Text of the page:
Heeren Receives Teacher of the Year Award
CS Senior Lecturer Cinda Heeren has been named the recipient of the 2015 American Society for Engineering Education (ASEE) Illinois-Indiana Section Teacher of the Year Award. Along with a certificate and cash prize, she’ll present an invited talk at the ASEE sectional conference in April 2016 at Western Illinois University.
According to ASEE Award Chair Carmine Polito, a Civil Engineering Professor at Valparaiso University, Heeren earned the award for her creative teaching methodologies, positive impact on students, development of innovative courses, and work in community outreach. “The [CS @ ILLINOIS] community should realize how lucky they and their students are to have someone as talented and dedicated as Cinda as part of their team,” Polito said. “But I suspect that they already know that.”
Heeren currently teaches CS 225: Data Structures and Programming Principles, a challenging course that all CS and computer engineering majors must take. At the start of this semester, nearly 700 students were enrolled, Heeren said, but about 70 of them dropped the class during the first few weeks.
Thanks to Heeren’s initiative, those students don’t have to give up on their computer science aspirations. Instead, they are invited to take an evening remedial class to prepare them properly so they can retake the course the following semester.
“I feel like if they have to drop the course because they’re not thriving, this is too big of a hit to take when you’re a sophomore,” she said. “[The remedial class] gives them a smaller community of people that are like them, and that’s OK. It’s nice to provide students with that level of attention at such a crisis point for them.”
In the Spring 2015 semester, Heeren and CS Teaching Assistant Professor Wade Fagen piloted a new course, CS 205: Data Driven Discovery, where the students learn to collect various types of data—images, text, numeric, geographic, or integrated—analyze the data, and then produce a visualization to illustrate what they learned from the data. Nineteen students, all of whom are majoring in something other than CS, currently take this course.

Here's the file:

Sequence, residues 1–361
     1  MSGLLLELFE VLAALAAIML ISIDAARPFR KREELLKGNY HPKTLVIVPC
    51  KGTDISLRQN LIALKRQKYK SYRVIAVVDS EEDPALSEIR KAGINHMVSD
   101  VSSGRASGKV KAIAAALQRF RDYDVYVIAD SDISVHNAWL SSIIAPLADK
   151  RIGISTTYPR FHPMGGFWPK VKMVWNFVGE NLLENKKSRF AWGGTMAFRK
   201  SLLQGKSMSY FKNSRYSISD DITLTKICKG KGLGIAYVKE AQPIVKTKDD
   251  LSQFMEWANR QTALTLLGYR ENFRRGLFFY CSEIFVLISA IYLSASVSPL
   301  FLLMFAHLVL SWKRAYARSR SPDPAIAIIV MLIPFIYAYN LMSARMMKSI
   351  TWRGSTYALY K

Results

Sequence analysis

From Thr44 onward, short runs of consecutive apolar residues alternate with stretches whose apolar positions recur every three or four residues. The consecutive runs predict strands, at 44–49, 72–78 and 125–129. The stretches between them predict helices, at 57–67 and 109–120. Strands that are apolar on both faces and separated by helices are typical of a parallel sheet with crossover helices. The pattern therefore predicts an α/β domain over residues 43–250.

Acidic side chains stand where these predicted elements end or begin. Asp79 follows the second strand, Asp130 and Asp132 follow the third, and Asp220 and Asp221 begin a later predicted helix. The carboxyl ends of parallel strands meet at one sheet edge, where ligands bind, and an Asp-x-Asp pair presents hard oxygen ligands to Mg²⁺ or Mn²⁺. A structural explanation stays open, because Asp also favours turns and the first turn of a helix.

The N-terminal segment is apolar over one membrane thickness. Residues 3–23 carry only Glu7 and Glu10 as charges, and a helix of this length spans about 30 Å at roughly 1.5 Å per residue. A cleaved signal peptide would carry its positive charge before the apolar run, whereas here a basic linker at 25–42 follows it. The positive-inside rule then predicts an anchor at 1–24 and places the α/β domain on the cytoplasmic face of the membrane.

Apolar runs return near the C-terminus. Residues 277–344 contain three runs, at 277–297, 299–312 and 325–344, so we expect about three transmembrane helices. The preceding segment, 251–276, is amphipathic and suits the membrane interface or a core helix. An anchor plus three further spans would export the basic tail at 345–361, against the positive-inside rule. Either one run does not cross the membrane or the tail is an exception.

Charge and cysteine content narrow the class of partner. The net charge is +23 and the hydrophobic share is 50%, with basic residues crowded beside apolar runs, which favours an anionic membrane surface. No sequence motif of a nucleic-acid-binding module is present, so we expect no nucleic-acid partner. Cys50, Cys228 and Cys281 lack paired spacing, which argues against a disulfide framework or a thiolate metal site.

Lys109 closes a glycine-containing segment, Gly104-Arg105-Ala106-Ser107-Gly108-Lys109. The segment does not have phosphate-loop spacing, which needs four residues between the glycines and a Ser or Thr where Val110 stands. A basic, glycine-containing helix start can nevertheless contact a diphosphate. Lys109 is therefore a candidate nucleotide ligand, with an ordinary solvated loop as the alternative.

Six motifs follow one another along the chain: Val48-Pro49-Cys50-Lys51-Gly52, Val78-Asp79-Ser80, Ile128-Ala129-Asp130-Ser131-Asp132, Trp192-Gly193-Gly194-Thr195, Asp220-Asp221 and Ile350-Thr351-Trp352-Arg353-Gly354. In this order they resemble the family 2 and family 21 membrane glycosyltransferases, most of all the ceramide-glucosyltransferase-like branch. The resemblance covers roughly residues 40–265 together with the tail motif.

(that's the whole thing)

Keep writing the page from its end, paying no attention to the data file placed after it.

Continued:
“This [CS 205] was the first course that made me feel confident in using coding to do research,” said Tim Krock, a junior economics major, who created a National Language Toolkit data visualization that identified the characters of a book and plotted their paths through the story. “It brought me out of my shell as a programmer. I was able to go do some very cool projects largely due to the guidance offered in this class.”
Commenting on Heeren’s teaching style, Krock added: “She often makes class feel as much like a conversation as a lecture. She can crack jokes without breaking the rhythm of the lecture, and she’s super approachable for questions or advice.”
In addition to her innovative teaching and course development, Heeren oversees the CS @ ILLINOIS GEMS camp, which brings in middle school girls each summer to teach them computing and other STEM skills. Heeren took charge of the camp in 2012, when its director at the National Center for Supercomputing Applications (NCSA) on campus retired.
Since then, Heeren and her CS staff have expanded the free camp from 25 students to 150 students, and she and her team plan to double the size of the camp and offer it to high school students next summer.
An alumna of the CS department, Heeren (PhD ’04) jokes about being born to teach—both of her parents were teachers, and her uncles were professors. “Teaching is very much part of my cultural heritage,” she said. “In terms of computer science, I’m also a poster child for NSF diversity programs.”
While in high school, Heeren participated in a six-week summer science program at Colorado State University, where she took several programming courses. “I thought I’d died and gone to heaven. It was so cool,” she said.
A decade later, Heeren was teaching statistics, math, and computer science at California Polytechnic State University in San Luis Obispo when she had the opportunity to pursue a doctorate at Illinois thanks to the NSF-funded Doctoral Incentive Program.
As a faculty member at Illinois, Heeren has received several teaching awards, including the 2014 CS @ ILLINOIS Distinguished Educator Award and the 2014 College of Engineering Rose Award for Teaching Excellence. In addition, she was named a College of Engineering Academy for Excellence in Engineering Education Fellow.